Saturday 16th June Carmel in Bedfordshire - Visit to
Monastery of Discalced Carmelite Nuns in Ware, Hertfordshire. To
celebrate Mass, lunch and a talk by the Nuns, car share; 9.30am start.

Friday 22nd June, 7.30pm Royal Race Night- Fun night with Wine
Tasting, Ladies Fancy Hat & Gents Waistcoat competitions.

Further details see church porch or email stpetersbiggleswade@gmail.com.

Biggleswade Chronicle Village News

St.Peter’s Catholic Church, Biggleswade.
Pentecost Sunday is one of the most ancient feasts of the Church, after Easter Sunday, Christmas is the second-greatest feast in the Christian liturgical calendar, but Pentecost Sunday is not far behind. For that reason, it is often called the "the birthday of the Church”. Like Easter Sunday Pentecost is a moveable date but the earliest possible date for Pentecost Sunday is May 10; the latest is June 13. Pentecost is 50 days after Easter and 10 days after the Ascension of Our Lord, and marks the descent of the Holy Spirit/Ghost on the apostles. The Apostles and the Blessed Virgin Mary spent nine days in prayer between The Ascension of Our Lord and Pentecostal Sunday waiting for the fulfilment of Christ's promise to send His Spirit. This was the origin of the Novena, or nine-day prayer, to ask God the Father to send the Holy Spirit and to prepare us to receive the seven gifts of the Holy Spirit which are wisdom, understanding, counsel, fortitude (or courage), knowledge, piety, and fear of the Lord. On this day St. Peter, the first pope, was already the leader and spokesman for the Apostles.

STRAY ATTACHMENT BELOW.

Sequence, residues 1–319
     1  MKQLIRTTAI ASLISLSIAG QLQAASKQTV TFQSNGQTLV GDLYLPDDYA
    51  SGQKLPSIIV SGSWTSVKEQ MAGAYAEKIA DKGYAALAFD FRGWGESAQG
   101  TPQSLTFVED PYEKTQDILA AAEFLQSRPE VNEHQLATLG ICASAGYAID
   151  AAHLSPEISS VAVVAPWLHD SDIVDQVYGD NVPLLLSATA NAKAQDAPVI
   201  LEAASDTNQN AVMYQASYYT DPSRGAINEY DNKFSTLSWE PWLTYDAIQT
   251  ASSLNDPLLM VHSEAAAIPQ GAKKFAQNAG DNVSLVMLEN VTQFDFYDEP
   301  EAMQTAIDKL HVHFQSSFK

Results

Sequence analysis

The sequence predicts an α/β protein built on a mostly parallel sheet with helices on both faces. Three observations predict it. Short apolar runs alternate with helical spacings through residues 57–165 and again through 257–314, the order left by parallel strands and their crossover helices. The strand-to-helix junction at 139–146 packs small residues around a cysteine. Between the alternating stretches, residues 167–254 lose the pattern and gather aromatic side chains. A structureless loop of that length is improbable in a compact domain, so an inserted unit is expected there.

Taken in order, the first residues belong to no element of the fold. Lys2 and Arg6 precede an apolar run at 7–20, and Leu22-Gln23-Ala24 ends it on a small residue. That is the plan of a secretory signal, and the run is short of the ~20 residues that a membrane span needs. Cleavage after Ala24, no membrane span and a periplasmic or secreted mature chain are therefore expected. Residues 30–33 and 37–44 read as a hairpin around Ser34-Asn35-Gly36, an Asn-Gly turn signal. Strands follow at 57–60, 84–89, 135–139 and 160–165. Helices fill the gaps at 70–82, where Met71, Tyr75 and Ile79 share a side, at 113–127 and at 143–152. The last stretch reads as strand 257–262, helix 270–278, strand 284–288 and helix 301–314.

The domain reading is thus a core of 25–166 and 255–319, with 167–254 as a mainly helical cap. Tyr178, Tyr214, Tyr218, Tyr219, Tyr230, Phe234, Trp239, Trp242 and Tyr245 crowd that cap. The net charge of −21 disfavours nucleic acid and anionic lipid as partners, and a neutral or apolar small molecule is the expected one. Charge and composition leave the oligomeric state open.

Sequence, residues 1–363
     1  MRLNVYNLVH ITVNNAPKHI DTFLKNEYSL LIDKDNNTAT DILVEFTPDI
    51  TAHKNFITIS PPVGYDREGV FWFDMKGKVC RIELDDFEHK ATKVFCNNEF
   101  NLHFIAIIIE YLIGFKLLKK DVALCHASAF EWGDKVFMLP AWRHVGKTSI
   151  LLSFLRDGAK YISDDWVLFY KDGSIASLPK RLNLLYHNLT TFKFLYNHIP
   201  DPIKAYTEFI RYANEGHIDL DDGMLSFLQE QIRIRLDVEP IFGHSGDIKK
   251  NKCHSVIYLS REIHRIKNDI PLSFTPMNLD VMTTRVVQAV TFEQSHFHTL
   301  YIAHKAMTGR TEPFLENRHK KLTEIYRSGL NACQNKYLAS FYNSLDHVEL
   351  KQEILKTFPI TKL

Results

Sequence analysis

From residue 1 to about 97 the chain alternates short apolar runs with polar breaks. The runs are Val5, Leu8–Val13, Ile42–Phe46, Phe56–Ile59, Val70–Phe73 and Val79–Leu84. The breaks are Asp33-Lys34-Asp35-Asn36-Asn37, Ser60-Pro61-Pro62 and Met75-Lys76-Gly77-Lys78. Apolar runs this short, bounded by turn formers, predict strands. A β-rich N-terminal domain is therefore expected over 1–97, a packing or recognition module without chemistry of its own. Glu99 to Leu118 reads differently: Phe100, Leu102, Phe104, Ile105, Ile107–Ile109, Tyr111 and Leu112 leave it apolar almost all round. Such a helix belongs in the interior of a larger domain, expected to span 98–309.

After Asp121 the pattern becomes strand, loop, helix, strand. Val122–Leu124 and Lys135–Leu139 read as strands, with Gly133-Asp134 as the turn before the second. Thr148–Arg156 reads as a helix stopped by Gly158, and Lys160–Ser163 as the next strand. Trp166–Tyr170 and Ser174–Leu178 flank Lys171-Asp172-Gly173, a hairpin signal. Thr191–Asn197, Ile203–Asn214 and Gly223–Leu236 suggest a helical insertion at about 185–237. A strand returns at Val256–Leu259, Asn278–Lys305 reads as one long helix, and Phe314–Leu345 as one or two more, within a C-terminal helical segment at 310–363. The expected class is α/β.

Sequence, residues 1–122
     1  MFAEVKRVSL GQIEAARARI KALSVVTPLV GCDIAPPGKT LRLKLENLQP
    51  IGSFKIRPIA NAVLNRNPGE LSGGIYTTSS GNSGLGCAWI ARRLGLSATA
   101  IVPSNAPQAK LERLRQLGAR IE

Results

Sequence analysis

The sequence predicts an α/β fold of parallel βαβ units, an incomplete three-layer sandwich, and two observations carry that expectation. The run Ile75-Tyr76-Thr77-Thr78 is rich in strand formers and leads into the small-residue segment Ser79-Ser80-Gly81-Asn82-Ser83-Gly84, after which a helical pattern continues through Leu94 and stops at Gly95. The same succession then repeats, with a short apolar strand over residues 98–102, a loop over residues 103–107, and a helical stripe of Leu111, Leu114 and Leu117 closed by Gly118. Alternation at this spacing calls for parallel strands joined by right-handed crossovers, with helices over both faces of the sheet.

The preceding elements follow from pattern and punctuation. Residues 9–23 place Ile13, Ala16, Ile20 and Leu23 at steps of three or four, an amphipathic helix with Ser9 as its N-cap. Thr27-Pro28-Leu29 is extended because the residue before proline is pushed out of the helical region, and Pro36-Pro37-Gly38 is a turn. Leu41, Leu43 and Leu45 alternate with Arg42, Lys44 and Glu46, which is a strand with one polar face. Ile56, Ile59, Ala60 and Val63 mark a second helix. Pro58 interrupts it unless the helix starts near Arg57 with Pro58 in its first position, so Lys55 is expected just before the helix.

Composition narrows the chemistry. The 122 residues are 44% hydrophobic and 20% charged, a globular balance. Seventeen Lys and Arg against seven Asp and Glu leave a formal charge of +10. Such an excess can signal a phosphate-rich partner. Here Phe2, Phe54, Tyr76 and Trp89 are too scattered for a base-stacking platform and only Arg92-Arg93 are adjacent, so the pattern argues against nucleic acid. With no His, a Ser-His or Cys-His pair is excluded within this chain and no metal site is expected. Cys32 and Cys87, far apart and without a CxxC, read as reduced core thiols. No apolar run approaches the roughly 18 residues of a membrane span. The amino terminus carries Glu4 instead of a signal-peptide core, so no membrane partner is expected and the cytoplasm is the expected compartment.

Diamond Jubilee Fun Day on Tuesday 5th June 2-6pm, organised by Churches Together Biggleswade & Biggleswade Town Council to be held at Eagle Farm Road Field. Many free activities including Fairground rides-Games & Competitions - Arena Events - Live Music. St.Peter’s is organizing and cooking the BBQ, your help is needed to set up, cook, serve and clean up.